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April 26th, 2010


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04:12 pm - Points of Connection
here's a fascinating if somewhat sad article (with videos) about chimps dealing with the death of one of their troop. What this article brought home to me was the fact that while our intellects are vastly greater than those of any other animal - we can theorize and imagine in ways that seem impossible for anything else on the planet - our emotions and personal lives are far less different. Those chimps dealt with the finality of death and saying one last goodbye in much the same way humans do. I remember having a professor in a history of science class who firmly agreed with some famous quote about how there is more difference between a chimp and a human than between a chimp and an amoeba, which is quite simply nonsense. As everyone reading this is likely aware, I'm a strong advocate of humanity becoming more than it is mentally, physically, and (hopefully) spiritually, but for all those hopes and dreams, it's also important to remember that our emotions are at their base, little different from those of other primates and any claims of human uniqueness should be tempered with this understanding.
Current Mood: thoughtfulthoughtful

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From:hasufin
Date:April 27th, 2010 04:52 am (UTC)
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I'll need to find time to read the article, but not now...

One thread I've noted which is disgustingly common in discussions of biology is the need to set Homo sapiens on a pedestal separate from all others. I've encountered complete denial that we are animals, that we are primates, that we evolved... that we are in fact part of, not separate from, the rest of Earth's biology.

A slightly more subtle, but even more common, form of this is to point out a trait which supposedly humans have but which nothing else shares: creativity, abstract thought, mourning, the ability to understand the feelings of another, technology, art... and each one gets knocked down, over and over again but some people have this need for humans to be Special and Better.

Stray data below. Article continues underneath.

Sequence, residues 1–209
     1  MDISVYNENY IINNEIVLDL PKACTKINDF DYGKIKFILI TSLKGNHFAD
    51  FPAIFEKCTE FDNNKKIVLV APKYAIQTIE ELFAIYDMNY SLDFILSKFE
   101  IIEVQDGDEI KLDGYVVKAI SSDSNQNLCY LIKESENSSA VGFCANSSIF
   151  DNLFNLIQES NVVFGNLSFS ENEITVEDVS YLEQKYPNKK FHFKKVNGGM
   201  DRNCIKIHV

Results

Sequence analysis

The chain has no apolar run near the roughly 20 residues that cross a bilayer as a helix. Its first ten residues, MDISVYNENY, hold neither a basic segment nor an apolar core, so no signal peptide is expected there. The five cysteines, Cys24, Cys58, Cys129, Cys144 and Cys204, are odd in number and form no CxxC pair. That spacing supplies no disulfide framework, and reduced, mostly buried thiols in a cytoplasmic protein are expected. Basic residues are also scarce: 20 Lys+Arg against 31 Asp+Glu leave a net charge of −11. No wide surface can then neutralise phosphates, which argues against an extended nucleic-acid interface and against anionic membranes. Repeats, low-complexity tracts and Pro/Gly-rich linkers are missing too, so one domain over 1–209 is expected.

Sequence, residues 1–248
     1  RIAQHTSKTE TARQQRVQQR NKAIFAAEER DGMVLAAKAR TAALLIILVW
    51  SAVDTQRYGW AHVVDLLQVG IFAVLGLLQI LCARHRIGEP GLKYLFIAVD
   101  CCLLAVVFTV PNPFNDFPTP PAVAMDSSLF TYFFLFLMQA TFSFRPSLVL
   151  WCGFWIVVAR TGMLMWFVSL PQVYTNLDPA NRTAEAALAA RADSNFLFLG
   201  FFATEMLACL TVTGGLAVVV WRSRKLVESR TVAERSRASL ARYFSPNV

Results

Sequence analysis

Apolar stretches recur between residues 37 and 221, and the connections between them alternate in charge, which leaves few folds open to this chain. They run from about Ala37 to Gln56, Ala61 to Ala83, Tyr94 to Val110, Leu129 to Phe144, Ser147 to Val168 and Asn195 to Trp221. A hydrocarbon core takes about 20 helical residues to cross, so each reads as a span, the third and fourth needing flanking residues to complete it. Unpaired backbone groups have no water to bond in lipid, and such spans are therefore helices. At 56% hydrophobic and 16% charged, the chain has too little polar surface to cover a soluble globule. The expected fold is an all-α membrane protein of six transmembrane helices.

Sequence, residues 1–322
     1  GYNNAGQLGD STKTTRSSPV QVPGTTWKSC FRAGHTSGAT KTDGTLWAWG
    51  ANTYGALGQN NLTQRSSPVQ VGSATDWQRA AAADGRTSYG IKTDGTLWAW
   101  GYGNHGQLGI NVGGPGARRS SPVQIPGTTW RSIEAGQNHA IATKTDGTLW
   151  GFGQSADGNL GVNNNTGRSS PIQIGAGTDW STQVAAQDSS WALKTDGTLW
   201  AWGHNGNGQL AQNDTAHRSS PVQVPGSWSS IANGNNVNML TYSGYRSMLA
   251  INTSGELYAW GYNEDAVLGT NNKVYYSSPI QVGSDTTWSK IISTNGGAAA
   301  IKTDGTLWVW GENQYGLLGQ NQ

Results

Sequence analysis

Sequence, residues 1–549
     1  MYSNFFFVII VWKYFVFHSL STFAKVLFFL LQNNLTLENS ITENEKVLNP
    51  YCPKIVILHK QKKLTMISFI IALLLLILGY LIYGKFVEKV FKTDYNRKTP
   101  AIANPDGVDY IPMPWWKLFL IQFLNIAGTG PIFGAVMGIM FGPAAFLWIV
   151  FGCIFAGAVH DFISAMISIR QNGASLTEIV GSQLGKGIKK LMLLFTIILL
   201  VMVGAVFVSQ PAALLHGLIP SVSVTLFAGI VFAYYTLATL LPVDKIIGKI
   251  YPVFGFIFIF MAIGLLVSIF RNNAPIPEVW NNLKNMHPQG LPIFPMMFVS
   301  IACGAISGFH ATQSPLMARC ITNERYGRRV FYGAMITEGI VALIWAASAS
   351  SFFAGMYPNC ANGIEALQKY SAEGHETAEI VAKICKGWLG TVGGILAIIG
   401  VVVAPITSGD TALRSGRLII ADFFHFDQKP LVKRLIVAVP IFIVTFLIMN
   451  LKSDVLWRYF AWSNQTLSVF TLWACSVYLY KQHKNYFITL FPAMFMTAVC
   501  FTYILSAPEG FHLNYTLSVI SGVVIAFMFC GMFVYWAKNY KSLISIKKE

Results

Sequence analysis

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From:heron61
Date:April 27th, 2010 06:02 am (UTC)
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There is much that makes us unique - we are the only primate that deliberately teaches one another and the only one that trades (I suspect these two activities are very closely related), we have an absolutely unique capacity (at least among Earth life that we understand - who knows with whales or giant squid) for abstract thought and complex imagination. However, chimps mourn, I have watched a cat of mine have a highly specific nightmare (the cat in question was an ex-stray who I saw dreaming, made an upset noise, woke up, looked tense and upset, and then and went to look at her food bowl, and relaxed completely once she saw it). People talk about our feelings and emotions as unique and often describe these things as "our humanity", when these are traits shared by many (and perhaps most) mammals. We are wondrous and unique creatures, but so are cheetahs, horses, parrots, bumblebees and all the rest of the amazing life on this planet.
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From:alobar
Date:April 27th, 2010 08:17 am (UTC)
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I once knew a family which had 2 dogs. One dog was old and sickly. They had the dog put down by a Vet, then buried it in the back yard. The other dog never was allowed to see the dead friend.

The surviving dog kept wandering all over the house and yelping in pain/confusion. It stopped eating and got sicker and sicker.

Once a close friend of the family heard about the dog who was wasting away, she drove 400 miles to visit them. She told the family that there was no closure and the dog was sick with worry over her companion. So they dug up the corpse of the dead dog. And brought the live dog out to sniff the rotting remains.

The dog was sad, but started eating again. She ceased wandering around and acting forlorn. Within a week she was back to her normal self.
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From:hasufin
Date:April 27th, 2010 11:09 am (UTC)
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You should check your assumptions. Some of what you're saying humans alone have I know to be false; the rest I'm just pretty sure. I've heard a lot of such assertions; none have proven out.

Yes, humans are unique. As with any other species, we're a very specific combination of traits made possible through the memetic and genetic options available to us - we are more refined than most in some areas (manipulative appendages, communication), and less so in others (defensive and offensive abilities). There is not, however, any one magical trait that sets us apart and makes us special.
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From:heron61
Date:April 27th, 2010 08:29 pm (UTC)
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You should check your assumptions. Some of what you're saying humans alone have I know to be false; the rest I'm just pretty sure. I've heard a lot of such assertions; none have proven out.